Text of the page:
L.A. DJ, producer and label owner Steve Aoki is one of the hardest working men on the electro circuit. The 33-year-old started modestly, promoting punk shows on a shoestring budget some 15 years ago. Since then, he’s founded Dim Mak records—where Bloc Party, Bloody Beetroots, the Kills and MSTRKRFT all got their start—and grown into an international DJ superstar with a touring schedule that hovers around 200 gigs a year. With his debut album, Wonderland, due in January and a set at enclave Friday 25, we reached Aoki on Skype in Monaco to try to make sense of this wild ride.
Life sounds hectic these days.
It’s been the same type of chaos for the last four years, but more shit’s stacked now. The label and the clothing line, those are things that are just constants in my life. The production game, it’s definitely, in the last three to four years, been a major priority.
So you’re honing the Steve Aoki sound.
Yeah, I’m in two worlds. I write records for the club, and this album that’s coming out, Wonderland, is an album where I was really just focusing on writing good songs. That was a completely different take on my production. I’ve learned so much just in the past year by fine-tuning these records, just so they fit with each different vocalist.
Are there any guests that you’re particularly proud of?
It’s always really easy to work with Will.i.am. He knows what he loves and he’s an incredible songwriter. Working in the studio with [Red]foo from LMFAO was also a huge learning experience. We sat there and discussed ideas of cracking the code of radio for, like, six hours.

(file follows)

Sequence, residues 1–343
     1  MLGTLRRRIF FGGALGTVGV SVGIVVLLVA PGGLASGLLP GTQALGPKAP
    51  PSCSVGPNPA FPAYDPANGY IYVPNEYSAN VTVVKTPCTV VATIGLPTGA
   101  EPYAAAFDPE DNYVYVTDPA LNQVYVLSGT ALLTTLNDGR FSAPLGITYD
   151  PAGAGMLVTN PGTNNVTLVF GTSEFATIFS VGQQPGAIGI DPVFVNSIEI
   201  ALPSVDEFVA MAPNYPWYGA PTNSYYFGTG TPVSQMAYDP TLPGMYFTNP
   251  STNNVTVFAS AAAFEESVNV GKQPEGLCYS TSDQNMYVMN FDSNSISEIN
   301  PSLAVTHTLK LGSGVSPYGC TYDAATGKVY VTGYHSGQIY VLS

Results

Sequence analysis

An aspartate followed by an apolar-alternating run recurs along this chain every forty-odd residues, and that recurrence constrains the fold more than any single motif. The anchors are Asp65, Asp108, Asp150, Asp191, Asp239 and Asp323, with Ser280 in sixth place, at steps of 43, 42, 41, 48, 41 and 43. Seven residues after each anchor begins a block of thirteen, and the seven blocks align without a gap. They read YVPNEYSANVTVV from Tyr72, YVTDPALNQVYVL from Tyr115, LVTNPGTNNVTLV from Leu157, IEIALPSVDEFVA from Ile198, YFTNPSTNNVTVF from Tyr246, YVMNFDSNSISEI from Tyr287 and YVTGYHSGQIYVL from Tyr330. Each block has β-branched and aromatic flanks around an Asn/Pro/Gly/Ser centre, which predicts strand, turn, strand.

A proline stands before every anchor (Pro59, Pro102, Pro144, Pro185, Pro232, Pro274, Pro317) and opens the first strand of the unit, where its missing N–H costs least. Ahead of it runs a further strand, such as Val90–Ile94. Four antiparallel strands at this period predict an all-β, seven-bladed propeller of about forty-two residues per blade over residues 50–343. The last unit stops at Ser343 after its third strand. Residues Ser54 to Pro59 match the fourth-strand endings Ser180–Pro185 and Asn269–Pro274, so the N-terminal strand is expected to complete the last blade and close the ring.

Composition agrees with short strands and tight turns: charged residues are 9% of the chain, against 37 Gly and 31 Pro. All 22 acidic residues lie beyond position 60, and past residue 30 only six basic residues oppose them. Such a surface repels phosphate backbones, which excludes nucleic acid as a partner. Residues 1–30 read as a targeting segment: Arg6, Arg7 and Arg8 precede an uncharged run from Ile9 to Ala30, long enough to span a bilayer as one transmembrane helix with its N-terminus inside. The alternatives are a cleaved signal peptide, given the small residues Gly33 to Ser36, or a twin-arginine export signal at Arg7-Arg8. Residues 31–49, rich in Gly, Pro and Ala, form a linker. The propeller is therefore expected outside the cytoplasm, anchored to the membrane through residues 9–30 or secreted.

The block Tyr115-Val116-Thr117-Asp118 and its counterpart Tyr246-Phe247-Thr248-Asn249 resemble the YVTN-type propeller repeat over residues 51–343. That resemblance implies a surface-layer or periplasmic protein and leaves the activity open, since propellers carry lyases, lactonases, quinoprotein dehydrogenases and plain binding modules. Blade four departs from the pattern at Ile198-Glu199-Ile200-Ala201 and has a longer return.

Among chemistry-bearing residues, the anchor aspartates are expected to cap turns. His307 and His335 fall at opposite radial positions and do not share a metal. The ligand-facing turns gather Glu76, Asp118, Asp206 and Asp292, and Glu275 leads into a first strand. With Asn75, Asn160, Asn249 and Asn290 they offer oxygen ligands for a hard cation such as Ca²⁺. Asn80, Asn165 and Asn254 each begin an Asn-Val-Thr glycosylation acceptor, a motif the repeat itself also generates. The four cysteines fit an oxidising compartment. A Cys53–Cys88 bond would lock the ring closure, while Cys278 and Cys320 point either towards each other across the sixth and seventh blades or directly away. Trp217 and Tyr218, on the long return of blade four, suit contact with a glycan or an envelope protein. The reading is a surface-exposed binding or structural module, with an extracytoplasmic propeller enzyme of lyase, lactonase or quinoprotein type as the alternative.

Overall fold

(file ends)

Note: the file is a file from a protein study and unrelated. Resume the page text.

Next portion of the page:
You’ve been deejaying and producing for a number of years, why the wait to tackle your album?
From start to finish this has probably taken me over three years. Last year I thought I was going to release my album. I thought I was there and then I wasn’t. It was just like me finishing school. I could have been done in four years but then I was like, fuck it, I’ll do five years and get a double major. I used this year to readapt the songs so they became songs of this time.
Women’s studies and sociology couldn’t be further from dance music. Was there ever a chance of going a different route?
I got accepted to graduate school and I was at a crossroads. At that time, I was not a DJ. And being in a band, especially a hardcore band, you make fucking zero money whatsoever. It was either, let’s do this label Dim Mak or go to graduate school for Asian-American empowerment, become a professor, grow my hair really long, live under a lightbulb and write books.
Instead you DJ around the world and ride inflatable rafts over crowds. Why the raft?
I brought it out in Coachella in 2009. It was a success. I got into Rolling Stone—they had a huge picture of me riding my raft. A friend of mine coined it “white raver rafting,” after that it stuck, and now I literally do it at every show.
Any brushes with death?
No brushes with death. Yet. The only serious issue is that I’ve increased the height of my stage dives. So I’ve done a few balcony dives that have gotten pretty high. There was one where the raft wasn’t held properly and I went through it. I almost broke my neck. Now, I definitely have to make sure people are holding the raft properly.
Steve Aoki goes “white raver rafting” at enclave on Friday 25.